The Augustinian Cultural Heritage Trust (La Fiducie du patrimoine culturel des Augustines) primarily controls the site. It is the Trust’s mission to protect and preserve the Augustinians’ legacy and to make it accessible to the public. Among the Trust’s primary achievements, it undertook the monastery’s extensive rehabilitation project and now ensures the site’s maintenance. It also ensures the preservation of the monastery’s collections and archives and highlights the heritage value of the monastery through ongoing consultation with the Augustinian sisters. 100% of donations go directly to the social and cultural mission of the Augustinian sisters (“La Fiducie”).


Cultural Heritage: Monasteries traditionally being places of rest, retreat, and spiritual growth (Kim & Yang 803), Le Monastère encompasses these values and presents itself as a holistic, non-denominational health retreat grounded in the traditional historical and cultural heritage of the Augustinian sisters. The Augustinians realized that their rich cultural heritage was at risk with widespread religious decline in Québec, and so they elected to ensure the transmission of their cultural heritage through the creation of a heritage complex that includes a hotel, museum, and archives (Provencher St-Pierre 53).

Museum and archives: The monastery’s museum and archives began development in 2003 after bringing together the artifacts and archives of the 12 Augustinian monastery-hospitals in Québec and housing them under one roof at Le Monastère des Augustines (Robitaille 5). The collection is comprised of over 40,000 artifacts and one linear kilometre of books, documents, and archival records (Robitaille 5; “Le Monastère”).

Archives of Le Monastère, Instagram

The museum houses a permanent exhibit that showcases the development of the Augustinian sisters in their mission to provide care in Québec (“Le Monastère”). Temporary exhibits are also offered. At the time of this writing, the museum offers an exhibit entitled “Re-Cueillir,” or “Re-Connect,” which is “based on the theme of renewal” (“Le Monastère”). This exhibit offers the visitor a sensory experience using museo-therapy that displays objects and archives and delves into the history of renewal cultivated by the Augustinian nuns (“Le Monastère”).

Most of the objects that were not incorporated into the museum’s collection were retained and re-used in the hotel (Provencher St-Pierre 64). Original furniture such as chairs, wardrobes, bureaus, and side tables furnish the “authentic rooms,” the rooms inspired by the cells of the nuns. Chairs, benches, and small tables furnish the restaurant and entrance hall. It was considered a fitting use for these everyday objects to continue to be used in a heritage hotel context—as witnesses to the everyday life of the Augustinian sisters, they can enrich the visitor’s experience through their presence (Provencher St-Pierre 64).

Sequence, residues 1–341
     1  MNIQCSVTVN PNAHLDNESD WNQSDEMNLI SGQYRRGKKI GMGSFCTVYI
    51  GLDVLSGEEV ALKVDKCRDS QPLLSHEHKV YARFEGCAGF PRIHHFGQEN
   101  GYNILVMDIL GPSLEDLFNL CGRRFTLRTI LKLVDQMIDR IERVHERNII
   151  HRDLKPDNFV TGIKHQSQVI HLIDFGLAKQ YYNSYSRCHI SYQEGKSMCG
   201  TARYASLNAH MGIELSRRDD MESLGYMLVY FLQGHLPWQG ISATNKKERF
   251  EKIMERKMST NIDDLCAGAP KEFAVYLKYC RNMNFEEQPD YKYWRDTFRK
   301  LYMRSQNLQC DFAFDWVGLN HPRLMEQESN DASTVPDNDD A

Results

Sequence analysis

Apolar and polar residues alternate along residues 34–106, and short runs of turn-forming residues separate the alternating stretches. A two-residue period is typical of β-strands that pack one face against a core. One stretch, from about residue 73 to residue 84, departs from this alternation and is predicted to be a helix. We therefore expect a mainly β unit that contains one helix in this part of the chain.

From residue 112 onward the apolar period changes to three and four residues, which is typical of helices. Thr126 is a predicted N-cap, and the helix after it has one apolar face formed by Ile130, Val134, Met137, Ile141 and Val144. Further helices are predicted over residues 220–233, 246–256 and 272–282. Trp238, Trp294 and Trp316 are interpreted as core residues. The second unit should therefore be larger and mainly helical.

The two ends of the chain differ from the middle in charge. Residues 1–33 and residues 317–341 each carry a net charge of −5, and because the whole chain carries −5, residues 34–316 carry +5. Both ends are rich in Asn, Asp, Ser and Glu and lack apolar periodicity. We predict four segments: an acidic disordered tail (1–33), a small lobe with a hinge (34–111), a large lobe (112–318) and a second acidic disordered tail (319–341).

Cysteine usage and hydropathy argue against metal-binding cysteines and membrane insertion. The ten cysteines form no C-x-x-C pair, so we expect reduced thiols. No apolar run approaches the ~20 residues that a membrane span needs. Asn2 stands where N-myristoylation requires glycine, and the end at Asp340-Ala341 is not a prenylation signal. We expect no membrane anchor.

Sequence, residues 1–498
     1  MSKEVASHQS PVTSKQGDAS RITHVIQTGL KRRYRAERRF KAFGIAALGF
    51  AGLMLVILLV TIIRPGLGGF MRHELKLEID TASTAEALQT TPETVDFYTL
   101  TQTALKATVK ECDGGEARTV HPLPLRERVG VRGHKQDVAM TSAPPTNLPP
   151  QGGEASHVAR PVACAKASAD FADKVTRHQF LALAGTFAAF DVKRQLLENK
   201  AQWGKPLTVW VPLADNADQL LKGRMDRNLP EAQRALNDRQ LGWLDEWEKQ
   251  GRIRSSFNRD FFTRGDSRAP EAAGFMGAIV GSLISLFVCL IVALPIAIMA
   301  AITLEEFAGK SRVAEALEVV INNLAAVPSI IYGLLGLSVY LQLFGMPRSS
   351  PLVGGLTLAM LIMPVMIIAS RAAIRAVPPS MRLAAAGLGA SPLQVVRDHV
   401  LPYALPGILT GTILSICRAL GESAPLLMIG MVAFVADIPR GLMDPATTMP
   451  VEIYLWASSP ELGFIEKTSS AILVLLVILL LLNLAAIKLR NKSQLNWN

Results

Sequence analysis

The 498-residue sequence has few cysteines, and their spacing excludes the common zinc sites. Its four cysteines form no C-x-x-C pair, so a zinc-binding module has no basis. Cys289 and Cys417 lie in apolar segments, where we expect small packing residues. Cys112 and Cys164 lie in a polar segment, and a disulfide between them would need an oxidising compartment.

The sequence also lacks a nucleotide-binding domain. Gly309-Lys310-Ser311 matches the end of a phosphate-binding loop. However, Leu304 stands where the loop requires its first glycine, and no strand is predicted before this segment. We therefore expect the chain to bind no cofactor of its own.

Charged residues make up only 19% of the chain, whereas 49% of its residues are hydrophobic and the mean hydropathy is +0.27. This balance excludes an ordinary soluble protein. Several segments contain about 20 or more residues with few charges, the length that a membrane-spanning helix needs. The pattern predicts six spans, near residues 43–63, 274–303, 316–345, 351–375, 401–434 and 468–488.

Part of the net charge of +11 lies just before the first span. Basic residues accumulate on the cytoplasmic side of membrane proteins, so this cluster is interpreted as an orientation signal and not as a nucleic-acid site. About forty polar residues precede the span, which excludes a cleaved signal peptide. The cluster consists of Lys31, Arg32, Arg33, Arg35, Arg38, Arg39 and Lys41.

Archaeological heritage: In 2013-2015, archaeological excavations took place at Le Monastère, carried out by Artefactuel, a cooperative of archaeological consultants (“News”). They worked inside the monastery during those three years respecting the project’s construction schedule. The archaeologists used archival plans and writings from the monastery to delineate their work areas. Many discoveries were made regarding the site and the history of the nuns’ lives there, including confirmation of the fire in 1755; the discovery of a previously unknown cistern that was used to hold water and, as soap residues testify, for laundry at one stage; and the discovery of a network of water pipes that would have been vital to the nuns’ work in the hospital and monastery (“News”).

Heritage Value: Le Monastère was designated a National Historic Site of Canada in 1936 (Canada’s Historic Places). According to Canada’s Historic Places, the heritage value of the site is associated with two main features: firstly, the Hôtel-Dieu de Québec (of which the monastery is a part) being the first permanent hospital established in North America north of Mexico, and secondly, the Augustinian sisters themselves, establishing the site, living, and working there for over 350 years, all with the intention of alleviating human suffering (Canada’s Historic Places).

Natural Heritage:

One of the character-defining elements of Le Monastère is “the landscape features, including the walled cemetery, garden and cloister” (Canada’s Historic Places). The rehabilitation of the site included the re-establishment of two important natural heritage features original to the monastery—the cultivation of medicinal plants and the reintroduction of honey bees.